Jonathan will present on Wednesday 25th of May 2022 at 8:58 AM in the session on Spatial and Temporal Modelling of Renewable Energy Systems (ERE 2.2). He will focus on the incorporation of the effects of key atmospheric controls on wind turbine yields within large deployments in the estimation of technical wind energy potential for policy applications. It is well-known that wind turbines remove kinetic energy (KE) to generate electricity and that this results in slower winds behind the turbines. However, the standard approach for resource potential estimation implicitly assumes that KE removed by large-scale deployments would not affect winds. This means that the effect of slower winds from KE removal are not yet included regional wind energy resource evaluations. Jonathan evaluates the extent to which the impacts of large scale KE removal on wind speeds can be captured by using a simple yet physical approach that frames wind energy as the removal of KE from a fixed atmospheric budget (KEBA). This is consistent with the physics of atmospheric KE generation – more on this from Axel (see below). Jonathan shows that KEBA captures the key trends in wind speed reductions which explain why numerically modelled (WRF) nighttime yields from a hypothetical large deployment in Kansas are lower than daytime, despite higher wind speeds. Consequently, a revaluation of Kansas’ technical potential using KEBA is significantly more consistent with WRF than the standard approach. This means that KEBA results in more physically representative estimates of technical potential and is, thus, better suited for use in policy applications compared to the standard approach. If this has piqued your interest and you would like to know more about the atmospheric limits on large scale wind energy, please reach out to Jonathan directly at EGU or by mail.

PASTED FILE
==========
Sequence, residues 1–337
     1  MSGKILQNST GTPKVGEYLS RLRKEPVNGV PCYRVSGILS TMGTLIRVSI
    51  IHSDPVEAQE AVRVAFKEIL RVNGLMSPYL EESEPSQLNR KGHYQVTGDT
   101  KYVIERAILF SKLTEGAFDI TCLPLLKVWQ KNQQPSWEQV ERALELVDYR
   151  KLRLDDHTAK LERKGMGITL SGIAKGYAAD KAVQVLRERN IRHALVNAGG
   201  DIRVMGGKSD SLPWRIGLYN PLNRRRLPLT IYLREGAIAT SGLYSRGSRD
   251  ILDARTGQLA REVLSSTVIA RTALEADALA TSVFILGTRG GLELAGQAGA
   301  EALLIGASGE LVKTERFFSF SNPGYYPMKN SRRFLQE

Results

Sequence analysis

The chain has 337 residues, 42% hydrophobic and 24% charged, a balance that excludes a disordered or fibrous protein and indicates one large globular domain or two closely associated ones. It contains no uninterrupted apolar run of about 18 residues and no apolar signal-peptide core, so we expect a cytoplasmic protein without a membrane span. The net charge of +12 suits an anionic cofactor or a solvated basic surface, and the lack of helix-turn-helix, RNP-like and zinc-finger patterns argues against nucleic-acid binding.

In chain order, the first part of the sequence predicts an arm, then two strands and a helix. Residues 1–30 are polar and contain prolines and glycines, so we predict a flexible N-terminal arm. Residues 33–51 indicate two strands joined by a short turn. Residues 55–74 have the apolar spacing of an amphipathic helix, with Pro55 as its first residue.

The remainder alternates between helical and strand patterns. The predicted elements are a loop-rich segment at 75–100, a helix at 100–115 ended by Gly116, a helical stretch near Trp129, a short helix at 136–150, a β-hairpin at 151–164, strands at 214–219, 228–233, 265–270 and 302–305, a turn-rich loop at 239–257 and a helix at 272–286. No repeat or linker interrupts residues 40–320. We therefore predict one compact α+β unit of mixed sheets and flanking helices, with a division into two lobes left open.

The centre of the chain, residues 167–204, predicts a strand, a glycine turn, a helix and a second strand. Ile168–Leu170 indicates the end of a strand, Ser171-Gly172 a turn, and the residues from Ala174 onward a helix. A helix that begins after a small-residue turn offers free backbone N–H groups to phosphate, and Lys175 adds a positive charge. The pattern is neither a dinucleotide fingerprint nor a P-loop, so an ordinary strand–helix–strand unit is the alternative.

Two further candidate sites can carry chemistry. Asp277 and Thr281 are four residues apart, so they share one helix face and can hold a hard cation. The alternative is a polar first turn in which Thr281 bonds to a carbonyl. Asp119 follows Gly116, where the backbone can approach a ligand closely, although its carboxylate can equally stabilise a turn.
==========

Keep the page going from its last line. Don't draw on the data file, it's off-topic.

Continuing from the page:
Axel asks a rather general question of “How much kinetic energy can the large-scale atmospheric circulation at best generate?“. He provides an answer based on thermodynamics in his talk in session CL4.7 “Energy and dynamics in the climate system” on Wednesday, 25 May 2022 at 09:08. The answer comes from the application of the maximum power limit to the different solar heating across latitudes. The outcome is very similar to the proposed Maximum Entropy Production principle, yet the application is more specific – it is the atmosphere that works as hard as it can, yielding maximum power. This, in turn, then sets a constraint and upper limit to atmospheric dynamics. He also links this outcome to the more established framework of the Lorenz Energy Cycle and shows that at maximum power, the estimated mean available potential energy is similar to observed values. The implications of this dynamical constraint from thermodynamics is that it allows to derive simple, physically-based climate estimates as well as hard limits on the renewable wind energy resource. If you are interested to read more on this, his talk is based on a recently published review article in the Meteorologische Zeitschrift and is summarized in this blogpost.